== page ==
Those figures, which reflect national and international trends toward the casualisation of academic labour, are frankly disgusting. The official line that sessional teachers are paid for all the hours they work is plainly a lie. Systemic exploitation on such a scale cannot be regarded as a minor or incidental feature of the contemporary university. As one frustrated casual academic was moved to observe recently, we have to confront the fact that ripping off sessional teachers while grinding them into the dirt is now part of the business model. The academic quislings whose response to this development is to ponder its potential ‘benefits’, while blandly predicting that rates of casualisation will only increase, or who greet the prospect of a generation of emerging scholars being forced into an unconscionable state of precarity with the inane observation that ‘we will all need to be custodians of our own Brand Me’, should be ashamed of themselves. I do, however, salute whoever wrote the headline for the first of the articles I am alluding to, which perfectly captures the Helleresque absurdity of this academic version of Stockholm Syndrome: ‘Casual academics aren’t going anywhere, so what can universities do to ensure learning isn’t affected?’
It is not just the proposition that educational standards can somehow be separated from the disgraceful material conditions under which casual academics are expected to work that makes you want to claw your own eyes out. What is truly dispiriting is the sense of resignation, the assumption that the obvious answer to the question is unthinkable. Apparently, all those overworked and underpaid casuals should stop hitting themselves. The passive acceptance of the idea that (to quote Margaret Thatcher) ‘there is no alternative’ represents a clear victory for the prevailing corporate ideology, which recognises no principle beyond its expansionist logic of ever-increasing turnover and maximised revenue. The unambiguous implication of such thinking is that academics exist to support the system, rather than the other way round. So much for the idea of a self-governing community of scholars.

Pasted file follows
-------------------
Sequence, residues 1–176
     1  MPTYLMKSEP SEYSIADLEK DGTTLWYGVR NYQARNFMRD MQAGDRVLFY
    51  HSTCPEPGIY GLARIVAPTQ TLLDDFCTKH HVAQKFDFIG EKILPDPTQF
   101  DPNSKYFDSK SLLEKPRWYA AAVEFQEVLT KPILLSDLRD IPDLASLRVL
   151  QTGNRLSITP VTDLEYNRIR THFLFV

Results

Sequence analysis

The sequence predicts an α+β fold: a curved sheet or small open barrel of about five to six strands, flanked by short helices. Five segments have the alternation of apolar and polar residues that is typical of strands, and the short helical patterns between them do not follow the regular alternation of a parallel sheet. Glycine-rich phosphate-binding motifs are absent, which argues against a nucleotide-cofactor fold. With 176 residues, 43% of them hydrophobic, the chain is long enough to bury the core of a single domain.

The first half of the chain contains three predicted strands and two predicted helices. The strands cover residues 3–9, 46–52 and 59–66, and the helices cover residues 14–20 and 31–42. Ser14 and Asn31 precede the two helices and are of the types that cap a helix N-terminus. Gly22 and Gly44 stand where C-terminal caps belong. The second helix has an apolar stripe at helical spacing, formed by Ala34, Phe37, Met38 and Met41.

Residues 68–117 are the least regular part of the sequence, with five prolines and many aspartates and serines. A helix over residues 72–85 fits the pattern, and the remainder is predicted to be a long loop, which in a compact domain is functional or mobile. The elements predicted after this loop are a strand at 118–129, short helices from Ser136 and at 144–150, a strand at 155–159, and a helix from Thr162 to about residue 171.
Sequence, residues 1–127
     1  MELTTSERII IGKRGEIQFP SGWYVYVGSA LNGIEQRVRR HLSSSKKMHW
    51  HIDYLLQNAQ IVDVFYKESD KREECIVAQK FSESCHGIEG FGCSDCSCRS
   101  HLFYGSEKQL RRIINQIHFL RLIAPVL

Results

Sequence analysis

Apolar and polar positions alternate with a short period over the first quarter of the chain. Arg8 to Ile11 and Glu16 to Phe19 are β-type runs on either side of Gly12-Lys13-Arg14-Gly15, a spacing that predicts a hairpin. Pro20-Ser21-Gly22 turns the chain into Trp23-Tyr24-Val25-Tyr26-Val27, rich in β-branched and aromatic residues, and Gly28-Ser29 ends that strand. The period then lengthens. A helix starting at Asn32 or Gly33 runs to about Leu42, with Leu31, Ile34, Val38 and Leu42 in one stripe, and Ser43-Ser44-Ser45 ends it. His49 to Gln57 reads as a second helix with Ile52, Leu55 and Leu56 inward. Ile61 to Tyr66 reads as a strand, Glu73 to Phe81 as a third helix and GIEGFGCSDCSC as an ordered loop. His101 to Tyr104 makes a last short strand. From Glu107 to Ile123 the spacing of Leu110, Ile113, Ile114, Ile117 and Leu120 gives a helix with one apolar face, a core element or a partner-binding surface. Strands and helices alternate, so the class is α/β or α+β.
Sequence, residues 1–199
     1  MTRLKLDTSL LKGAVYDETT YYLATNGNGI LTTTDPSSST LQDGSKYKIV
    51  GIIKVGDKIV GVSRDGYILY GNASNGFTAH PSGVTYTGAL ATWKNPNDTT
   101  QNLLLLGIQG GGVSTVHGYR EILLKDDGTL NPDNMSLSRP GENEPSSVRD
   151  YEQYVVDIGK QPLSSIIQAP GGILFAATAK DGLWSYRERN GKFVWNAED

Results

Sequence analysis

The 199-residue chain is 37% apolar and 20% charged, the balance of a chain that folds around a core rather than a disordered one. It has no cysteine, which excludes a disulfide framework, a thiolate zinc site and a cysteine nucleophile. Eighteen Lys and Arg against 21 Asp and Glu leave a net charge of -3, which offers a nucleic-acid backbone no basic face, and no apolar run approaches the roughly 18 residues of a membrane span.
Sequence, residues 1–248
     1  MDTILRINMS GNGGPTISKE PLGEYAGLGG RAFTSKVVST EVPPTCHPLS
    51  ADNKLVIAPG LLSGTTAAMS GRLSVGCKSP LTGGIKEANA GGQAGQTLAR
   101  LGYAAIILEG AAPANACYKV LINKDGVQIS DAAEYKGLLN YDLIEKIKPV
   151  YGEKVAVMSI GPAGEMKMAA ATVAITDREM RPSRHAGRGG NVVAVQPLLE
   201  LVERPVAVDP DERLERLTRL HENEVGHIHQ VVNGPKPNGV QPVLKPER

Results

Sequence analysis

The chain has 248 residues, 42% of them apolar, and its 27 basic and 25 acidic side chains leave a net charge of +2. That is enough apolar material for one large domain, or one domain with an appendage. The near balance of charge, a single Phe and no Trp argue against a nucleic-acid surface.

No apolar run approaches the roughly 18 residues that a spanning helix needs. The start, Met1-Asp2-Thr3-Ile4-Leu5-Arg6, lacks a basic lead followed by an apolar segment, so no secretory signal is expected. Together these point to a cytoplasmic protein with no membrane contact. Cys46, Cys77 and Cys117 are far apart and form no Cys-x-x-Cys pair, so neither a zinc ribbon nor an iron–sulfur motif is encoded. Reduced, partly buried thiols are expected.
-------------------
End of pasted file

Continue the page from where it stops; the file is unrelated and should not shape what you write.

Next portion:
Again, I stress that I am viewing this from an external perspective, and I am well aware that academics have been complaining about managerialism and lamenting the fate of the humanities from time immemorial. But I can’t recall a time when the discipline of literary studies, in particular, has seemed as besieged and vulnerable as its does at present. Literature departments are shadows of their former selves. The attrition rate among young literary scholars in the United States has been described as an ‘extinction event’ and has even spawned its own sub-genre of essay known as ‘quit-lit’, in which former academics recount their tales of being burnt out and walking away in disgust.